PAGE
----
TOKYO – As a veteran of six straight Paralympics, including the Tokyo edition here, Philippine Paralympic Committee president Mike Barredo noted that each participation of Filipino para athletes in the sports fest posed unique challenges and problems.
But the trials and tests that the PH campaigners faced in their build-up to and taking part in the Tokyo Paralympic Games have been the toughest of them all, according to Barredo, who, although wont to make excuses, blamed the COVID-19 pandemic as the culprit for their ordeal. From the training, qualifying for, and up to the point they actually had to compete in Tokyo, the virus has hounded the national para athletes at virtually every turn, he pointed out.
“While our able-bodied national athletes had problems of their own in finding facilities to train for the Tokyo Olympics, it came doubly hard for our national para athletes,” rued Barredo. “We needed not only accessible training venues but also accessible accommodations for them.
“We practically had no training in 2020 due to the pandemic because our national para athletes were forced to leave the Philsports Complex in Pasig City where they trained and had their quarters because it was converted into a quarantine facility. We understand this reality. It is what it is.”
So he was grateful that the Philippine Sports Commission was able to support and sustain them in looking for separate training bubbles for all six Paralympic-bound athletes for a month or two to do actual workouts before they were scheduled to leave for the Japanese capital.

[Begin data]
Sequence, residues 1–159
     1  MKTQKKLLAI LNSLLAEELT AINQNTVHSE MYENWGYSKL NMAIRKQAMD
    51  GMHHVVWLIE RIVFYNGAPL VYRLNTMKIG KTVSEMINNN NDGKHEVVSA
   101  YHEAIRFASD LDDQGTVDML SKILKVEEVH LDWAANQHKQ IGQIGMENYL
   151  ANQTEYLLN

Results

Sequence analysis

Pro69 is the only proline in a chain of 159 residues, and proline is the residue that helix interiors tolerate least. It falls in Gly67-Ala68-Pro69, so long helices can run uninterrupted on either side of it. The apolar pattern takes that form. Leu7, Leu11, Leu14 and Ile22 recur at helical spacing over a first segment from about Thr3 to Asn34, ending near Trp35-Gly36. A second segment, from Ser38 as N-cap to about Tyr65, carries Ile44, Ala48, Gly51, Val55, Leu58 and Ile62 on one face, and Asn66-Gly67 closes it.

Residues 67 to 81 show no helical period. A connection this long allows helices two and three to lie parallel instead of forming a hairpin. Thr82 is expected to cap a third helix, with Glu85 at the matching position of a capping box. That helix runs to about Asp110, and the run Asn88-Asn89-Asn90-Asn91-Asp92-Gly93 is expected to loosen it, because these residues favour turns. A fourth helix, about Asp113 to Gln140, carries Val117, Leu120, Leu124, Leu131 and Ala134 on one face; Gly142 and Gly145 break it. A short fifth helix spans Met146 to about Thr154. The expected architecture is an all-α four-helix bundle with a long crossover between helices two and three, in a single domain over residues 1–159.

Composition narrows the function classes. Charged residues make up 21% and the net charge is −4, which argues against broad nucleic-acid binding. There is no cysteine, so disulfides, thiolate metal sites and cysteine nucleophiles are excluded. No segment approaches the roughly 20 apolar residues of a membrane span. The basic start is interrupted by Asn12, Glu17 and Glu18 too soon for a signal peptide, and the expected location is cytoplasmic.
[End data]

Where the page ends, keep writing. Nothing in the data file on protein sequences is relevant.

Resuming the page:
“In fairness, we have nothing to say but thank the PSC chairman Butch Ramirez for the all-out support they have given our athletes including their separate bubble training before leaving for Tokyo,” Barredo stressed.
He thought that they had left their troubles behind in Manila when key members of the PH Paralympic contingent were grounded because they tested positive for the virus before leaving for Tokyo. Among them were powerlifter Achelle Guion, her coach, Antonio Taguibao, and PH squad chef de mission Francisco “Kiko” Trinidad. But misfortune dogged the contingent to Tokyo when discus thrower Jeanette Aceveda and athletic coach Bernard Buen were infected after undergoing tests, depriving her of the chance of becoming the first visually-impaired Filipino athlete to compete in the meet for the world’s top para athletes.
“I really felt sorry for her because this is a disability we share,” Barredo bared. “It would have been an inspiration to visually-impaired Filipinos that despite all of the challenges it could be done to compete in the Paralympics. It would have been bragging rights for her for being the first.” The PPC chief disclosed that although the athlete was upset for a while “Jeanette has gotten over the issue and vowed to do her best to make it back to the 2024 Paris Paralympics.
“Her plight, in a nutshell, is what the entire team has suffered. Naging problema sa atin yong participation because of COVID-19. It’s a very frustrating and upsetting situation that is out of our control.”
He was proud of what swimmers Ernie Gawilan, Gary Bejino, and wheelchair racer Jerrold Mangliwan had achieved so far despite the adversities in Tokyo.
“Ernie was able to improve his personal bests in his events despite the limited training while Jerrold, except for his disqualification in the men’s 400-meter finals, has also been able to improve a lot, particularly in the 1,500-meter race,” Barredo noted of the two Rio Paralympic veterans.
“Gary is a bit raw this being his first Paralympics. But given more rigorous training and exposure, we expect him to do better in international competition and, hopefully, qualify for the Paris Paralympic Games in 2024,” he said.
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